Ladder Safety: Protecting Your Business and Employees

Worker climbing a ladder

Promote a Culture of Safety Within Your Organization

Picture this: a bustling workplace filled with dedicated employees striving to meet deadlines and exceed expectations. Amidst the hustle and bustle, a simple ladder is being used to reach high shelves or complete maintenance tasks. It may seem like a harmless tool, but without proper precautions, it can quickly turn into a silent threat.

Ladders are common tools in many workplaces; however, their improper use can lead to serious accidents and costly liabilities. At Indiana Farmers Insurance, we prioritize safety, which is why we've compiled essential information on ladder safety for your business.

Choose the Right Ladder
Selecting the appropriate ladder for the task is crucial. Different jobs require different types of ladders, such as stepladders, extension ladders, or platform ladders. Ensure that the ladder's weight capacity is suitable for the user and account for any equipment they may be carrying as well.

Read and Follow Manufacturer Guidelines
Make sure you carefully review and follow the manufacturer's guidelines and warning labels when using the ladder.

Inspect Your Ladder
Before each use, inspect the ladder for any visible defects or damage, such as cracks, missing rungs, or loose hardware. If you notice any issues, remove the ladder from service immediately and repair or replace it.

Proper Setup
When setting up the ladder, make sure it is on a stable and level surface. Use ladder levelers or leg extensions for uneven terrain. Always extend the ladder to the recommended height and lock it securely in place.

Maintain Three Points of Contact
Employees should maintain three points of contact (two hands and one foot or two feet and one hand) when climbing up or down a ladder. This provides stability and reduces the risk of falling.

Face the Ladder
Always face the ladder when ascending or descending. Avoid overreaching or leaning to the side, as this can cause the ladder to become unsteady.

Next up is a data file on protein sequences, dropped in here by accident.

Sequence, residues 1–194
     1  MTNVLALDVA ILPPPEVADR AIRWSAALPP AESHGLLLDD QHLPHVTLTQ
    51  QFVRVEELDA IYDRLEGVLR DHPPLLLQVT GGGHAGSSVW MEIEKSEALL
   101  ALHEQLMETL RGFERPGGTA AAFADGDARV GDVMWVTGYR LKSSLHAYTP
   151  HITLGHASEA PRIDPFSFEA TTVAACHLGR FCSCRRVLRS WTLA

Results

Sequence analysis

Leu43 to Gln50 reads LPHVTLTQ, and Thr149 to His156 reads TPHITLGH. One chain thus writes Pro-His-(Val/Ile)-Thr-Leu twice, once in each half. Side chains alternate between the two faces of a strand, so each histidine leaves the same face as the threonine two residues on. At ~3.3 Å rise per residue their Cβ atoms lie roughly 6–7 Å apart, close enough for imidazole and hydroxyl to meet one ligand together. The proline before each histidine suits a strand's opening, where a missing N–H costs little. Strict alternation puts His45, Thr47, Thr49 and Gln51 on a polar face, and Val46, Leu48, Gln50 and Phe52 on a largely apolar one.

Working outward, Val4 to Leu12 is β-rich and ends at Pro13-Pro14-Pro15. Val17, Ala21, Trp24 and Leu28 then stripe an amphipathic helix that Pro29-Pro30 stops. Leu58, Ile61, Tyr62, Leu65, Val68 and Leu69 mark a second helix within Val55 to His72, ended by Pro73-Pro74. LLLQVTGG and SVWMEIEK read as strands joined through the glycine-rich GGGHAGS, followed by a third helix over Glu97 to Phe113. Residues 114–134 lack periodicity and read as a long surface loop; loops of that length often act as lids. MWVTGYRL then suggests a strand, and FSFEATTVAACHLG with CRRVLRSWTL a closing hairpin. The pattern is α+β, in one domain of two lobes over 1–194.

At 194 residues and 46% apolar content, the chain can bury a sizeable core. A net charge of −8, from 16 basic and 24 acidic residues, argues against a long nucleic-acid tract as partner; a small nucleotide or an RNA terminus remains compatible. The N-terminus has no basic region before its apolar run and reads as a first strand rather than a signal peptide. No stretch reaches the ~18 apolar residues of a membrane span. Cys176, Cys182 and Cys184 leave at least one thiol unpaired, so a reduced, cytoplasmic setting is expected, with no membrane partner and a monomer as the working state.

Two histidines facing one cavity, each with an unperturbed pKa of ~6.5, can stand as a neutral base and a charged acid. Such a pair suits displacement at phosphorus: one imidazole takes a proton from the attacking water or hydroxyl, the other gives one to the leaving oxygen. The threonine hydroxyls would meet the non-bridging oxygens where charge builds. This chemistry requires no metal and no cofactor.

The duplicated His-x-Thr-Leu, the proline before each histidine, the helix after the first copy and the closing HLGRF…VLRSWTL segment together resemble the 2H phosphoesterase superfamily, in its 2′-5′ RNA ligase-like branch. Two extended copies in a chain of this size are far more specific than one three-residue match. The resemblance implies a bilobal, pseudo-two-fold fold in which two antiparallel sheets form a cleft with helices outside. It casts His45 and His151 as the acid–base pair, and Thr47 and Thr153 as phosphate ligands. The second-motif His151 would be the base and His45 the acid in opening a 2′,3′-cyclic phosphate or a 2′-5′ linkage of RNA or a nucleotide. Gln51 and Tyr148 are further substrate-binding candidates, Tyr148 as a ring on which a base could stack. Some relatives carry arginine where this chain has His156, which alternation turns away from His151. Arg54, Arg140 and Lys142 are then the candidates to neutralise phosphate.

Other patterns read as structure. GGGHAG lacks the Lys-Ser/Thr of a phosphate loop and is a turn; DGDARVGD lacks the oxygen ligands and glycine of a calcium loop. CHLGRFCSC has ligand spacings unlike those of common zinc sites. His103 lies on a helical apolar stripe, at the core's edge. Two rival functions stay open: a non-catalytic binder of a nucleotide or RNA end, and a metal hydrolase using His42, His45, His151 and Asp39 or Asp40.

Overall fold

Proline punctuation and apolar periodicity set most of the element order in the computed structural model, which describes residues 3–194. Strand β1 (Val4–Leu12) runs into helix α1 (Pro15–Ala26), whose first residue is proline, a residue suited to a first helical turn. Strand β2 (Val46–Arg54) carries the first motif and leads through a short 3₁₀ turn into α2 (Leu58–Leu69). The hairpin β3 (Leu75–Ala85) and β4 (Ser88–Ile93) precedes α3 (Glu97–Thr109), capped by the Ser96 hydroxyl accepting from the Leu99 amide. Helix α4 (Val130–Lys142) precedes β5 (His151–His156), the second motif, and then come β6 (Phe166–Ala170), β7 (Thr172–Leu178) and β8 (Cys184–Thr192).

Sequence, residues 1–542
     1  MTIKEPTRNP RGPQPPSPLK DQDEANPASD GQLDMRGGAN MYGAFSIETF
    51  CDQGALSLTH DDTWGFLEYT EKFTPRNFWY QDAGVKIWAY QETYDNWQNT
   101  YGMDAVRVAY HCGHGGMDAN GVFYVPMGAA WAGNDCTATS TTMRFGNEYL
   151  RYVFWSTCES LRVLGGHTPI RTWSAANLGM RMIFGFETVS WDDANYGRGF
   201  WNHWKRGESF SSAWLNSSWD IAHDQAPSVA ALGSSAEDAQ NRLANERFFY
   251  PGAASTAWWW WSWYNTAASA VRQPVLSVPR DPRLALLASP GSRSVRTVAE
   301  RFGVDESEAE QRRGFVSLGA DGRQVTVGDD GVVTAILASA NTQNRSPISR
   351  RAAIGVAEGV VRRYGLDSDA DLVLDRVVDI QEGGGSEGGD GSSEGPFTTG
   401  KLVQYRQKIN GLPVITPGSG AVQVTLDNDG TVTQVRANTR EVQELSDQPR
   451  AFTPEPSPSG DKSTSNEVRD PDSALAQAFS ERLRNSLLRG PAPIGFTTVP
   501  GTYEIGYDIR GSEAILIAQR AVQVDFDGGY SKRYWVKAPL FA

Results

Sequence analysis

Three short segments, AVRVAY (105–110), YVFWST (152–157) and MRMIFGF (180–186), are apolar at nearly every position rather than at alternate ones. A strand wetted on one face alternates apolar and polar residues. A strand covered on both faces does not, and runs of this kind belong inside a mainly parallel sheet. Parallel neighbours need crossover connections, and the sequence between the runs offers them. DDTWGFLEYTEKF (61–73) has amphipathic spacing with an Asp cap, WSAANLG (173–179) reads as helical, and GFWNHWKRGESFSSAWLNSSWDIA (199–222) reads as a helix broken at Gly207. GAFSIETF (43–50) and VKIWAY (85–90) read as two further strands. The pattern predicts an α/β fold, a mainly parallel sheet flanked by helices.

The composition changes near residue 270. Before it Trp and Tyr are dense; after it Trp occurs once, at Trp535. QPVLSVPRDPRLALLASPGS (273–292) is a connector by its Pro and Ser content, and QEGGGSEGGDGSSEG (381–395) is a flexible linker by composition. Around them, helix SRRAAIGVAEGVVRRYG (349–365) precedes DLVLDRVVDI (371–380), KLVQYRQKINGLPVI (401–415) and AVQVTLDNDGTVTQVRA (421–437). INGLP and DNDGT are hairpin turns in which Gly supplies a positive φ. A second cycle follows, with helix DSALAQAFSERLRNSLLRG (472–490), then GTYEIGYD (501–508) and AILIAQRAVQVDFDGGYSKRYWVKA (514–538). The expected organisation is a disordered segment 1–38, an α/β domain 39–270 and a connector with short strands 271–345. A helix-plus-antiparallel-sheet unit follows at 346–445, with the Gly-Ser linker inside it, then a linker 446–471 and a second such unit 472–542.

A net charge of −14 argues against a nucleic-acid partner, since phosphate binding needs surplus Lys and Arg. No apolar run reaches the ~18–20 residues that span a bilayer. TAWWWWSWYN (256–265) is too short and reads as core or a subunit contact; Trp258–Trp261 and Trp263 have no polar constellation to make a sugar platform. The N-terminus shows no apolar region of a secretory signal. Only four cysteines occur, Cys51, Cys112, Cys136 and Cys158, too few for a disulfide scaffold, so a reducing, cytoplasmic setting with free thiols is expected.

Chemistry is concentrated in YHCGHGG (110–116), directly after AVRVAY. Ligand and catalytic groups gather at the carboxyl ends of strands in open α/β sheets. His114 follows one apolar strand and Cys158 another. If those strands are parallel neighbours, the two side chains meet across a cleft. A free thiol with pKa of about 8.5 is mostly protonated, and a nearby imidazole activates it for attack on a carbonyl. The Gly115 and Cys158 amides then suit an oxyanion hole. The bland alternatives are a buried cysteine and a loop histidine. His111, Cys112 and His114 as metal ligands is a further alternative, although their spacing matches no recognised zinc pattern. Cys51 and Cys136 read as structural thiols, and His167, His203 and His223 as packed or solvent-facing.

Stay Centered
Keep your body centered between the ladder's side rails and avoid leaning too far in any direction. Reaching too far to one side can cause the ladder to tip/fall over.

Using Tools Securely
If you need to use tools or equipment while on the ladder, make sure they are secure and within easy reach. Use tool belts or holsters to keep your hands free for climbing.

Emergency Preparedness
Have a plan in place for emergencies. In the event of an accident or fall, employees should know how to respond, including calling for medical assistance if needed.

By following these fundamental ladder safety guidelines, your business can help reduce the risk of accidents, injuries, and potential insurance claims. Prioritizing safety not only protects your employees but also safeguards your business from costly liabilities.

Remember that ladder safety is a shared responsibility. Promote a culture of safety within your organization, where employees are encouraged to report damaged or unsafe ladders and share best practices. At Indiana Farmers Insurance, we are here to support your commitment to workplace safety and provide the insurance coverage you need to protect your business and employees.

Sources: OSHA, NIOSH


The information presented in this document is for informational and educational purposes only. It is intended to assist individuals, farmers, and business owners in identifying common hazards/risks and considering proactive loss prevention or loss mitigation actions. For information related to specific loss hazards, please contact your insurance agent.

Smiling Garfield

Get a Quote

Find an Agent